Figure 3F illustrates a synergistic effect between phosphine and phosphate on transcription of TpPHO. On day 1, the relative abundances of TpPHO in the low-PH3 treatment (0 µM PO43− +0.022 µM PH3) and phosphate-4 µM treatment (4 µM PO43− +0 µM PH3) were 1.760 fold and 0.228 fold, respectively. However, the TpPHO transcriptional level of the low-PH3 treatment in the phosphate-4 µM culture (4 µM PO43− +0.022 µM PH3) dramatically increased to 4.070 fold. Moreover, throughout the experiment, the TpPHO gene expression of the 4 µM PO43− +0.022 µM PH3 treatment was higher than the sum of the other two treatments. The synergistic effect could be illustrated by the high- PH3 treatment (0 µM PO43− +0.22 µM PH3), phosphate-4 µM treatment (4 µM PO43− +0 µM PH3), and phosphate-4 µM culture (4 µM PO43− +0.22 µM PH3) (Figure 3G).

Effect of Phosphine on AKP Activity

Results of the previous experiment revealed that TpPHO gene expression varied with phosphine concentration; in other words, phosphine may affect the P metabolism of phosphate. Phosphine concentration markedly affected gene expression on the first day of the experiment. To further confirm that phosphine affects P metabolism, a short-term experiment to measure the effect of phosphine on AKP activity was conducted with different phosphine concentrations and with the influence of growth stage eliminated. Figure 4 shows the results of the experiment. AKP activity increased with culture age in all treatments, and it was generally higher in the three phosphine treatments than in the control. The highest level, 1.511×10−6 U cell−1, was observed in the treatment with the middle concentration of phosphine (0.056 µM PH3) after 48 h. The variation in AKP activity did not completely coincide with the variation in the TpPHO transcriptional level. However, low phosphine concentration (0.022 µM PH3) had a greater effect (i.e., promotion) on both parameters than high concentration (0.22 µM PH3).

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Figure 4. Effects of phosphine on AKP activity in T. pseudonana.

Enzymatic activity, 1 U Cell−1 is expressed as 1µg P-nitrophenol liberated by AKP per algal cell for 1.5 h. The error bars represent standard deviations from three replicate treatments.

https://doi.org/10.1371/journal.pone.0059770.g004

Discussion

In this study, effects of phosphine on the cell density and specific growth rates in T. pseudonana were investigated. The phosphine treatments had higher specific growth rates during the early culture period; however, with continuous introduction of phosphine and prolonged stress time, specific growth rates of the phosphine treatments became lower than that of controls. During the decline phase, the mortality rate of the high-PH3 treatment was higher than that of the low-PH3 treatment; and the mortality rate of the low-PH3 treatment was higher than that of the control. These results suggest that phosphine has a dual effect on algae: phosphine can stimulate cells to reproduce at a low concentration, while has inhibitory effect on cell vitality at a high concentration. Niu et al. [20] reported a similar result for Microcysis aeruginosa. Before the microalgae enter a low growth phase and even die, a transient higher growth rate of phosphine treatment during the first few days may reflect a kind of "stress response" of the organisms to phosphine. Chefurka et al. [18] found that phosphine can affect the electron transport chain, and Nocter and Foyer [34] suggested that disturbances of the photosynthetic electron transport chain can result in oxidative stress in plants. Phosphine could influence the anti-oxidative defense system. Bolter and Chefurka [17] reported that phosphine induced an increase of superoxide dismutase activity, and the anti-oxidation mechanisms could protect the cell against oxygen-derived radicals. Low phosphine concentrations may induce the production of reactive oxygen species (ROS), which could stimulate anti-oxidative mechanisms. The activation of the anti-oxidative system could help enhance the cell’s tolerance to radicals, meaning that phosphine at low concentrations is beneficial to cell growth. In contrast, high concentrations of phosphine would induce too much ROS for the anti-oxidative system, resulting in lipid peroxidation and reduce algal growth subsequently [17], [35]. The effect of phosphine is likely consistent with the effect of ROS. Pelicano et al. [36] demonstrated that ROS have a dual effect on cell growth: low levels of ROS induced cell proliferation, whereas excess ROS led to cell death.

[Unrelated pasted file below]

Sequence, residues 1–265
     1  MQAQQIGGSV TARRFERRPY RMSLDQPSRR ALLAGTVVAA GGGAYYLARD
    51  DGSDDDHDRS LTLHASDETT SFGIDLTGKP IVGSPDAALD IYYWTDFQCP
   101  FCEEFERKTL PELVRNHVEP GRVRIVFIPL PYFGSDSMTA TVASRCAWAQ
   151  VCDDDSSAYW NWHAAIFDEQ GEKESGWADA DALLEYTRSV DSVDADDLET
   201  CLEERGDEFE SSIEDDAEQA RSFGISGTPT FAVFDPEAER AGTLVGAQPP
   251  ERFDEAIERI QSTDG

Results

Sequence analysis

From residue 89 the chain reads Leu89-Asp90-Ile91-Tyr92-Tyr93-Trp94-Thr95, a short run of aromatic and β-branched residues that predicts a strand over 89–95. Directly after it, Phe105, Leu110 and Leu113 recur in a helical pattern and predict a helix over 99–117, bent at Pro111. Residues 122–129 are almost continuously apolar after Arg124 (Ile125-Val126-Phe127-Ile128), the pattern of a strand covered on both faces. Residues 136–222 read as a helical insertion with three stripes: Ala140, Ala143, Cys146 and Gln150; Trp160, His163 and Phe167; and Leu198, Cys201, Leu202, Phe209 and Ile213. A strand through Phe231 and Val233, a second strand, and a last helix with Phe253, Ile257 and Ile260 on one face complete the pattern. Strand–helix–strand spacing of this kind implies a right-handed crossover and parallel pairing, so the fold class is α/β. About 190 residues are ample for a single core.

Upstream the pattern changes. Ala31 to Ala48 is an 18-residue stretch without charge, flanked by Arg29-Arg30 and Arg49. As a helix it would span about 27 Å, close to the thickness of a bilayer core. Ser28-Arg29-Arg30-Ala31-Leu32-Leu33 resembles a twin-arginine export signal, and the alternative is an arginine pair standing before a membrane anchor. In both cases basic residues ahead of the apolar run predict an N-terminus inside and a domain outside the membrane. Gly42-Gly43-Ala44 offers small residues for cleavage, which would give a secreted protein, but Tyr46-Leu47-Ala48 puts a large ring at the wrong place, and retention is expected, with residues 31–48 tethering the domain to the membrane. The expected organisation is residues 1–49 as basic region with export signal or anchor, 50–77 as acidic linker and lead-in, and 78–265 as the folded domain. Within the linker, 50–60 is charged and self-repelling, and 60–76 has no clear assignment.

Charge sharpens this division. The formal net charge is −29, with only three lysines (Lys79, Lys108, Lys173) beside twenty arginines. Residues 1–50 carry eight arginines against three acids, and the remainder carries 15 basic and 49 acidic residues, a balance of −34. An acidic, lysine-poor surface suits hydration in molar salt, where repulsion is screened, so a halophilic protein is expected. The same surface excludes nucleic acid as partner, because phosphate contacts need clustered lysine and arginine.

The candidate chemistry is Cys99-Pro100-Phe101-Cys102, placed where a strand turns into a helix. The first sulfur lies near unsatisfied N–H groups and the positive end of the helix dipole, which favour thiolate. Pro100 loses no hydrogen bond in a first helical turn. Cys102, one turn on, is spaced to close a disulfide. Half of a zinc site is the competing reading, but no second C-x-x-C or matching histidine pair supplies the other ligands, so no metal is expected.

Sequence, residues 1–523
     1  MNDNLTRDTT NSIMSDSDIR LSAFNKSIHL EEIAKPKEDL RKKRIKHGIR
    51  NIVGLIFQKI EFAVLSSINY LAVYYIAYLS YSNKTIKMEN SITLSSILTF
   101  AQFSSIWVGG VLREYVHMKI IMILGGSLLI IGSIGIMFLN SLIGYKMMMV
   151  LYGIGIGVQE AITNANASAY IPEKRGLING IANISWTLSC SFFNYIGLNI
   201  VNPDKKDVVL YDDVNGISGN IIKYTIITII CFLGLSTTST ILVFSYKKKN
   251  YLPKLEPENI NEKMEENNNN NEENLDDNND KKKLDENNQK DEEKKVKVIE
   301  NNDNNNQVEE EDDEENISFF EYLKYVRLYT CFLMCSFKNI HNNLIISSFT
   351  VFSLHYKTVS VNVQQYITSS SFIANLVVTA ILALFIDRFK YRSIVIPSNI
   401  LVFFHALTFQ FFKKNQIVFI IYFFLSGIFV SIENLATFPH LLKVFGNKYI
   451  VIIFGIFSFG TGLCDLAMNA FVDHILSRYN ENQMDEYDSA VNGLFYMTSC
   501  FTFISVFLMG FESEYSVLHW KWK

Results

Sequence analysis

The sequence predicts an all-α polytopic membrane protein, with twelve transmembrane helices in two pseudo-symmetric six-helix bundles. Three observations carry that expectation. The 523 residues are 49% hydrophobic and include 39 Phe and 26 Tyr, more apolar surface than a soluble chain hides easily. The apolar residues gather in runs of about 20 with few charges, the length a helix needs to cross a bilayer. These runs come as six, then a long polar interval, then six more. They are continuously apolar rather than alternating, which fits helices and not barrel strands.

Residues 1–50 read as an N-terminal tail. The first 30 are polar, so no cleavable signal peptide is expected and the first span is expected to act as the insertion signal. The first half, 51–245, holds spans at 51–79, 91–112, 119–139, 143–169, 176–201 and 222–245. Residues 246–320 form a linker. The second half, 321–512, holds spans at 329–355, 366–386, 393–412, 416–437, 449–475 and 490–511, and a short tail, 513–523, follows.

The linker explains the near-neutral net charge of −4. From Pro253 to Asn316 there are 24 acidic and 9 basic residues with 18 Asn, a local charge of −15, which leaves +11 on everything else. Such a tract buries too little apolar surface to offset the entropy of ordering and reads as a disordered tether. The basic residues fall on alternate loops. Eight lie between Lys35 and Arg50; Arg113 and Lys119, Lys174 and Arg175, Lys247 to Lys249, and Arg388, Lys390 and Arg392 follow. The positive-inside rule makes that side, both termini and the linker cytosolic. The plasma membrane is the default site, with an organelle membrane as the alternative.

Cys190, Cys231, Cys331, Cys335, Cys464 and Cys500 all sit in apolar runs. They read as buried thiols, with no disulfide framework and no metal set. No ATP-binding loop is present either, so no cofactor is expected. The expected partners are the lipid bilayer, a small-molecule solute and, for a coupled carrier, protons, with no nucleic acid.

The result of the phosphine experiments clearly indicated that TpPHO expression was markedly promoted by phosphine in the phosphate-deficient medium. On the other hand, high phosphine concentration had inhibitory effects on TpPHO transcription during the decline phase (Figure 3A). Comparison of the phosphine treatment with the phosphate treatment of the same concentration revealed that the TpPHO transcriptional level of the former was much higher than that of the latter (Figure 3B and 3C). Therefore, phosphine appears to influence the algae in a manner other than by being oxidized to phosphate. A similar result was obtained in the 4 µM phosphate culture: TpPHO exhibited much higher expression in the phosphine treatments than in the control (Figure 3D). Previous studies have found a strong relationship between phosphate uptake and the expression of phosphate transporter genes [21]. For example, the expression of PHO84 and PHO89 in Saccharomyces cerevisiae was controlled by the phosphate concentration [37]. In Tetraselmis chui, TcPHO expression responded to the external concentration of phosphate [25]. Thus, under the same concentration of phosphate and the same experimental conditions, the observed effects of phosphine on TpPHO transcriptional level means that phosphine influenced phosphate uptake. These results suggest that phosphine triggers a P-deficiency signal to stimulate transcription of phosphate transporter genes, but the origin and nature of this signal is unknown. It could be considered a survival strategy to overcome the pressure from phosphine. Growing evidence supports the role of ROS as secondary messengers in signal pathways to regulate cell division [36], [38], [39]. This might be a mechanism that can explain the effect of phosphine on gene expression.